DENVER – Arapahoe County has agreed to pay $30,000 to a woman who was held for immigration officials when she called police to ask for help.
When Claudia Valdez was allegedly assaulted by her husband in July of 2012, she called police, the American Civil Liberties Union said in a statement. Upon learning that she had entered the country illegally more than a decade before, officers arrested Valdez.
Valdez, who is from Mexico, has lived in Colorado for 15 years, has three children who are citizens, and no criminal record. However, she is in the country illegally and faces deportation proceedings as a result of her arrest.
Valdez’s husband later admitted that he had been the aggressor, and a judge ordered that Valdez be released from jail. However, the Arapahoe County Sherriff’s Office held her for three additional days in compliance with a detainer request from the federal Immigration and Customs Enforcement agency, according to the ACLU.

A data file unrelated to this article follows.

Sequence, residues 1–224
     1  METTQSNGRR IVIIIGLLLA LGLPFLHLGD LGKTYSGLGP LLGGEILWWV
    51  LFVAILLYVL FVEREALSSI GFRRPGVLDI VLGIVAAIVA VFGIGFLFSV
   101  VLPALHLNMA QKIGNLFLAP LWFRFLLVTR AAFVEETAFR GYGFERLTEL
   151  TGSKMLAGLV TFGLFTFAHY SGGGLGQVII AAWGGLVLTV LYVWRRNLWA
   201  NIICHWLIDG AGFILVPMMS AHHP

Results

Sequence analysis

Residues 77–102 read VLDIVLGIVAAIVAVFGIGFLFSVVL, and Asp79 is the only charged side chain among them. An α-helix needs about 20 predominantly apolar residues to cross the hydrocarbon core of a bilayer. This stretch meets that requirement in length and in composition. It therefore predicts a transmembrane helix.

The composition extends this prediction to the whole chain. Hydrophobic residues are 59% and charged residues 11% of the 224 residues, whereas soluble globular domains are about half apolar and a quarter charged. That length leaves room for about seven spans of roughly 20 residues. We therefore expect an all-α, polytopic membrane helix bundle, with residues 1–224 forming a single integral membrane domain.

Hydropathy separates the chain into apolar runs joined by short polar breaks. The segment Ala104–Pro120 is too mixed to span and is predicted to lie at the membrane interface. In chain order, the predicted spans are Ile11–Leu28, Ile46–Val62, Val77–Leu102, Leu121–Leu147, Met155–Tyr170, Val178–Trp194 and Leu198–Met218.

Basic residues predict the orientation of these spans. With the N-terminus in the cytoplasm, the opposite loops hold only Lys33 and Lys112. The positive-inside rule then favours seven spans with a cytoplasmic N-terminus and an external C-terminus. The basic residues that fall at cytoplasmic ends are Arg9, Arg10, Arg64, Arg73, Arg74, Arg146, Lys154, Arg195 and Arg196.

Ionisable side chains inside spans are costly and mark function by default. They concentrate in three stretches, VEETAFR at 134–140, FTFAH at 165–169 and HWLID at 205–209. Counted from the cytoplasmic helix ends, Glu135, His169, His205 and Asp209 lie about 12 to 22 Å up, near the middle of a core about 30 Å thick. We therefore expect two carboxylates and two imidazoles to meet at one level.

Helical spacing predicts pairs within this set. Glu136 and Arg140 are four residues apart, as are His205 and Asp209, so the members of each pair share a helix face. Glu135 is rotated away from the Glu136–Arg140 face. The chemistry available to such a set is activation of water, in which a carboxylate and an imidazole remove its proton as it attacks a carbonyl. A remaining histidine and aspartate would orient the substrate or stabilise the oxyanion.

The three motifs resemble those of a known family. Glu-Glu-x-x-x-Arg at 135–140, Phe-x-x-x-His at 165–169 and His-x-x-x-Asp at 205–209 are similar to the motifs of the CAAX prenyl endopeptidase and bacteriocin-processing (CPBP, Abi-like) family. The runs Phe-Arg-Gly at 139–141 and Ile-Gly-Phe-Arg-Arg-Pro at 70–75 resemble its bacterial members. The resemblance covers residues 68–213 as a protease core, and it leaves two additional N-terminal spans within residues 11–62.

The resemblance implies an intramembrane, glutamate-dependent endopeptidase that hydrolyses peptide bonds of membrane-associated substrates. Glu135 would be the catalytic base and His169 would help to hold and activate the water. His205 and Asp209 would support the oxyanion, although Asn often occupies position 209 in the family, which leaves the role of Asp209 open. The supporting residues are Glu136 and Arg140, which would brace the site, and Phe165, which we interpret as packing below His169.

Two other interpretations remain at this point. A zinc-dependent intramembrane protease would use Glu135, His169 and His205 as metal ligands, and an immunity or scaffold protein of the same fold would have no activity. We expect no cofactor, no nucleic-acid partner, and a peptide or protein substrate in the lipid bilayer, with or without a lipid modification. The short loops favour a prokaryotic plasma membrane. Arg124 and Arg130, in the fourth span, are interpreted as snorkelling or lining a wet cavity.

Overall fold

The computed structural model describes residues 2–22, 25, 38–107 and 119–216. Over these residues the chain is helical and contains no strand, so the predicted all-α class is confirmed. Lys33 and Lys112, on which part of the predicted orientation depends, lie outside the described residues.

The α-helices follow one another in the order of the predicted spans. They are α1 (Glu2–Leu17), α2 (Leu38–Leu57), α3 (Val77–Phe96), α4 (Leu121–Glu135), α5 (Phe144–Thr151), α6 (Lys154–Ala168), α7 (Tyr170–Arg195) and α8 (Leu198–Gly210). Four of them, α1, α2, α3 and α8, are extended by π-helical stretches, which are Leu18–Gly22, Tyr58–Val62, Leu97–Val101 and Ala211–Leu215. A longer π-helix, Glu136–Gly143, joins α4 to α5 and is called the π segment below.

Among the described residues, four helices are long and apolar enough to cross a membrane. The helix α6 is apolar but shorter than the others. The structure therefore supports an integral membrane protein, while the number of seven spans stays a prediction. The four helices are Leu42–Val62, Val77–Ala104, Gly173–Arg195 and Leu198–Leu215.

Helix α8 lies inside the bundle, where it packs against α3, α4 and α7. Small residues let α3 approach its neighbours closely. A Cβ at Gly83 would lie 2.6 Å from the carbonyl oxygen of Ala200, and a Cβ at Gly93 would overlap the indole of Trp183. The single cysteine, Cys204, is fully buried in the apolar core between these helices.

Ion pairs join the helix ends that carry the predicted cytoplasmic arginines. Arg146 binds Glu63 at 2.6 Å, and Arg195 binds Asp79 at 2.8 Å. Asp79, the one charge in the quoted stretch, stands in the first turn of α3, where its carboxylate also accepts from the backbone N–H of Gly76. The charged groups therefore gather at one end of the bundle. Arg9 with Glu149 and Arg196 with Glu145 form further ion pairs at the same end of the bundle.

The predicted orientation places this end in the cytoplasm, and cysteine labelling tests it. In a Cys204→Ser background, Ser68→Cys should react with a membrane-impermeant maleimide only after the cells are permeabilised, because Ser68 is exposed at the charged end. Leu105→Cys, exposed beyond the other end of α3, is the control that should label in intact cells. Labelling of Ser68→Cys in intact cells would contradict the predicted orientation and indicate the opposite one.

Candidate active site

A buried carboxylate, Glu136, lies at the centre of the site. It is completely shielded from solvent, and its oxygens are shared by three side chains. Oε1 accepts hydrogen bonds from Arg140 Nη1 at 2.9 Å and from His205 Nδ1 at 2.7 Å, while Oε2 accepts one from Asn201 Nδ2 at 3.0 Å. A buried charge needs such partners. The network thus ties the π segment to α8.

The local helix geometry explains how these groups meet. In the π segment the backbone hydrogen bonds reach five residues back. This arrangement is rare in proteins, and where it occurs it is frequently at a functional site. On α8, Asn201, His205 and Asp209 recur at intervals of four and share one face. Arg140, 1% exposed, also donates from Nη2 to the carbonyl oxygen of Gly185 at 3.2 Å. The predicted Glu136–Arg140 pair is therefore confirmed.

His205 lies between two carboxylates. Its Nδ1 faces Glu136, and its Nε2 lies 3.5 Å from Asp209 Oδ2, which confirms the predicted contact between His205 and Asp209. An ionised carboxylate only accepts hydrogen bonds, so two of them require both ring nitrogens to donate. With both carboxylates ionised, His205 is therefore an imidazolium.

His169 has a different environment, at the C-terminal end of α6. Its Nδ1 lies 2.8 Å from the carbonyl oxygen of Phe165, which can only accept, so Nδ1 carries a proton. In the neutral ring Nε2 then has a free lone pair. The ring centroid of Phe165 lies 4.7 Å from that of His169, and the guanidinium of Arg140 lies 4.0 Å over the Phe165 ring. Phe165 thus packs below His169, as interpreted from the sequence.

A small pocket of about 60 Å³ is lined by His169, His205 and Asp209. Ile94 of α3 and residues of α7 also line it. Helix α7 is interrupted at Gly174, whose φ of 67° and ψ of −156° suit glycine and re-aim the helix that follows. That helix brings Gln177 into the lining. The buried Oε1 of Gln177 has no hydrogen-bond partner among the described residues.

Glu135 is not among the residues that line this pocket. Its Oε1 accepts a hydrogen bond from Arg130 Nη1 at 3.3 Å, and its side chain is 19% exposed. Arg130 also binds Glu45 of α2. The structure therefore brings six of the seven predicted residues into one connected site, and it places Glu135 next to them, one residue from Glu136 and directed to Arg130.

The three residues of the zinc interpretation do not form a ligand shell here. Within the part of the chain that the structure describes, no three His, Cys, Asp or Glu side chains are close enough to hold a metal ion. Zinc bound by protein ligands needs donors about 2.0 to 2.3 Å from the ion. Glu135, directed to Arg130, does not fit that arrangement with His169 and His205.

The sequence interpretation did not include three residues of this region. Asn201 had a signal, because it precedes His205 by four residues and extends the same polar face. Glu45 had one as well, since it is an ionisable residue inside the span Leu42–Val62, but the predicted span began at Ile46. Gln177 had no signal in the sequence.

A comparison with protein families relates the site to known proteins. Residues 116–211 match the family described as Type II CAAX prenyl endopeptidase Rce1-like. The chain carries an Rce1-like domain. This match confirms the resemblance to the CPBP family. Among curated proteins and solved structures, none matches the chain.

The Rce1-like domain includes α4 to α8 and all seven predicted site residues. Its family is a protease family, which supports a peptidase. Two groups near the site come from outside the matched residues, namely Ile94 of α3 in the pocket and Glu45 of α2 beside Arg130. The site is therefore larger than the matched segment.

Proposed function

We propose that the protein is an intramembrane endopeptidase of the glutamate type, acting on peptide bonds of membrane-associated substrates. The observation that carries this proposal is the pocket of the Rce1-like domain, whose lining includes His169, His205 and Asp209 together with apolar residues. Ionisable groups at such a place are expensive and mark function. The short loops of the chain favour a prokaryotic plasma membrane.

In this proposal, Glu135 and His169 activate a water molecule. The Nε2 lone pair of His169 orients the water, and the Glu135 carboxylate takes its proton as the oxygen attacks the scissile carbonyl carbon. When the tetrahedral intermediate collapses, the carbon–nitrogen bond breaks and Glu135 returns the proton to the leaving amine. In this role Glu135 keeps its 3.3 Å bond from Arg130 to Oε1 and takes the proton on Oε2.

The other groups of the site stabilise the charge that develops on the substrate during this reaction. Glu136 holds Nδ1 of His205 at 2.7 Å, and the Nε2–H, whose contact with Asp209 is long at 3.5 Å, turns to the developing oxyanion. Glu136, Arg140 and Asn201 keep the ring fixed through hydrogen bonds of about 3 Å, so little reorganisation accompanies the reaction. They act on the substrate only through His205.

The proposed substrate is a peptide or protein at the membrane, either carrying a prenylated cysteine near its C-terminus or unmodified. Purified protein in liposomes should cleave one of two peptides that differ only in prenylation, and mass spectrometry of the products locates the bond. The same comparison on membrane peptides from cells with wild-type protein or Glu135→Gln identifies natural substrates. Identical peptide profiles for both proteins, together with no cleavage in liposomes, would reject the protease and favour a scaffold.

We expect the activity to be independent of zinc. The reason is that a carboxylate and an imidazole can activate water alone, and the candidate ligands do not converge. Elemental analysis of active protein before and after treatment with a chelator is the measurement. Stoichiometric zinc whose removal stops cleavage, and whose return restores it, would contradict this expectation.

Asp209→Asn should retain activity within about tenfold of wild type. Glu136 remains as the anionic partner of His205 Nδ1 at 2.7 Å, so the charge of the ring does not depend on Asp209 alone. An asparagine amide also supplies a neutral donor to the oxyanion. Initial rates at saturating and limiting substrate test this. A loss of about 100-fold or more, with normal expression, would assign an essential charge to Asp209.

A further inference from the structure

ICE detainers are requests that a local law enforcement agency hold a person ICE suspects of violating immigration law. Agencies are not legally required to comply, and must release the suspect if ICE doesn’t formally arrest them within 48 hours.
The practice has been highly controversial, with ICE claiming that detainers are a key part of immigration enforcement, while groups like the ACLU argue that the requests are used too frequently and sometimes lead to people who have broken no laws being held in jail.
Upon learning of Claudia Valdez’s situation, the ACLU began working on her behalf. The group said it was prepared to sue over the matter.
“When ICE asks a sheriff to hold a prisoner, the agency is essentially asking the sheriff to make a new arrest,” said Mark Silverstein, Legal Director for the ACLU of Colorado. “And Colorado law just does not provide authority to sheriffs to make that arrest.”
The group lauded Arapahoe County’s decision to compensate Valdez, and vowed to continue pressuring Colorado sheriffs who cooperate with ICE detainers.
Denver and some other Colorado counties have said they will no longer hold suspects based solely on ICE’s immigration requests.